This summer, Mars suffered a titanic dust storm that engulfed the entire planet. The dust storm contributed to a temporary warming effect around Mars, which raised the temperature of the atmosphere by around 20-30°C.
However, the surface temperature of the planet itself dropped.
Imagine a dust cloud on Earth that started in the Sahara desert and grew to encompass our whole planet. Such a catastrophe would block sunlight from reaching the surface and plunge us into twilight for months. It happens on Mars on a regular basis. Planetary scientists watched the latest dust storm take shape at the end of June. By mid July it had covered the Red Planet, dispersing gradually over the next few months.
Whereas some of the spacecraft’s instruments, such as the Visible and Infrared Mineralogical Mapping Spectrometer (known as OMEGA) and the High Resolution Stereo Camera (HRSC), which both rely on a clear view of the surface have to wait until the dust subsides, the Planetary Fourier Spectrometer (PFS) instrument was able to work throughout the event and has gained new insights into the effects of the dust storms on the atmosphere of Mars.
“Once the atmosphere becomes full of dust, only 20% of the solar radiation can reach the surface of the planet,” says Vittorio Formisano, Istituto Fisica Spazio Interplanetario, Rome, Italy, and the principal investigator of the PFS instrument.
The dust absorbs the solar radiation which directly heats the atmosphere, creating a strong warming effect. This year, PFS saw the temperature of the Martian atmosphere rise by between 20-30°C. As the atmosphere heats up, the atmosphere inflates around the planet. Formisano estimates that this increase was probably by about 20 km and hopes that a fuller analysis of the PFS data will give a precise figure.
PFS determines the composition of the Martian atmosphere from both the wavelengths of sunlight absorbed by the various molecules in the atmosphere and from the infrared radiation they absorb and emit. It collects infrared radiation in the range of 1.2–45 micrometres (microns).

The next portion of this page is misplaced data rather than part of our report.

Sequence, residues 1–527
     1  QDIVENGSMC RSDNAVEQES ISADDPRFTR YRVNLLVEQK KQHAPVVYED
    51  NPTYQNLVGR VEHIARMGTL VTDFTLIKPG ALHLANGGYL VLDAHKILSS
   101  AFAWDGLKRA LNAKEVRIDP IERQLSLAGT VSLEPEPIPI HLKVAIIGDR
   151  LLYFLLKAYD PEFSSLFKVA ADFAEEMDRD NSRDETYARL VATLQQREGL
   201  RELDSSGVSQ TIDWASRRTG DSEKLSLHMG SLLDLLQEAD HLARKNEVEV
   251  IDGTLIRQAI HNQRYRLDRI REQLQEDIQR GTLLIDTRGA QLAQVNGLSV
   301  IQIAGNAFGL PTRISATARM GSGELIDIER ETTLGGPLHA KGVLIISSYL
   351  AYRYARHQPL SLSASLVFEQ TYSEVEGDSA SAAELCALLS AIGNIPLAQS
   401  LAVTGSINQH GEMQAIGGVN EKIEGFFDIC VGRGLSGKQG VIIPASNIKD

There is still a lot to understand about Martian dust storms. They begin during summer in Mars’s southern hemisphere. Southern summer is hotter than the northern summer because Mars’s orbit is elliptical and draws the planet closer to the Sun during southern summer than during northern summer.
The Hellas Basin obviously plays a very important role as the dust storms usually begin in its vicinity. Hellas is a vast impact structure, 9 km deep and about 2300 km across. It is so large that it disrupts the circulation of the atmosphere. “How the dust propagates into the whole atmosphere is still a complete mystery,” says Formisano.
One puzzle is that the dust storms reach the poles of Mars. Polar regions on planets are usually distinct atmospheric pockets that prevent warm air from the equatorial regions from entering. On Mars, however, the dust reaches everywhere and smaller particles remain suspended for a long time. “The micron sized particles fall back to the surface in a few months, the sub-micron sized particle can remain up there for years,” says Formisano.
“Another mystery is why such large dust storms happen some years and not others,” says Francois Forget, Université Paris, France, and Mars Express Interdisciplinary Scientist.
Interestingly, whereas the atmosphere of the planet heats up, the surface of the planet cools down because it receives much less solar heat. This poses an additional problem for Martian landers, which rely on solar arrays for power. They have to hibernate during the storms. It also presents a clear challenge to potential visiting astronauts.
“We have beautiful data from PFS of this dust storm and we now intend to analyse this fully,” says Formisano.
For more information :
Vittorio Formisano, Istituto Fisica Spazio Interplanetario, Rome, Italy, Principal Investigator for the Mars Express Planetary Fourier Spectrometer
Email: Vittorio.Formisano @ ifsi-roma.inaf.it
Agustin Chicarro, ESA Mars Express Project Scientist
Email: Agustin.Chicarro @ esa.int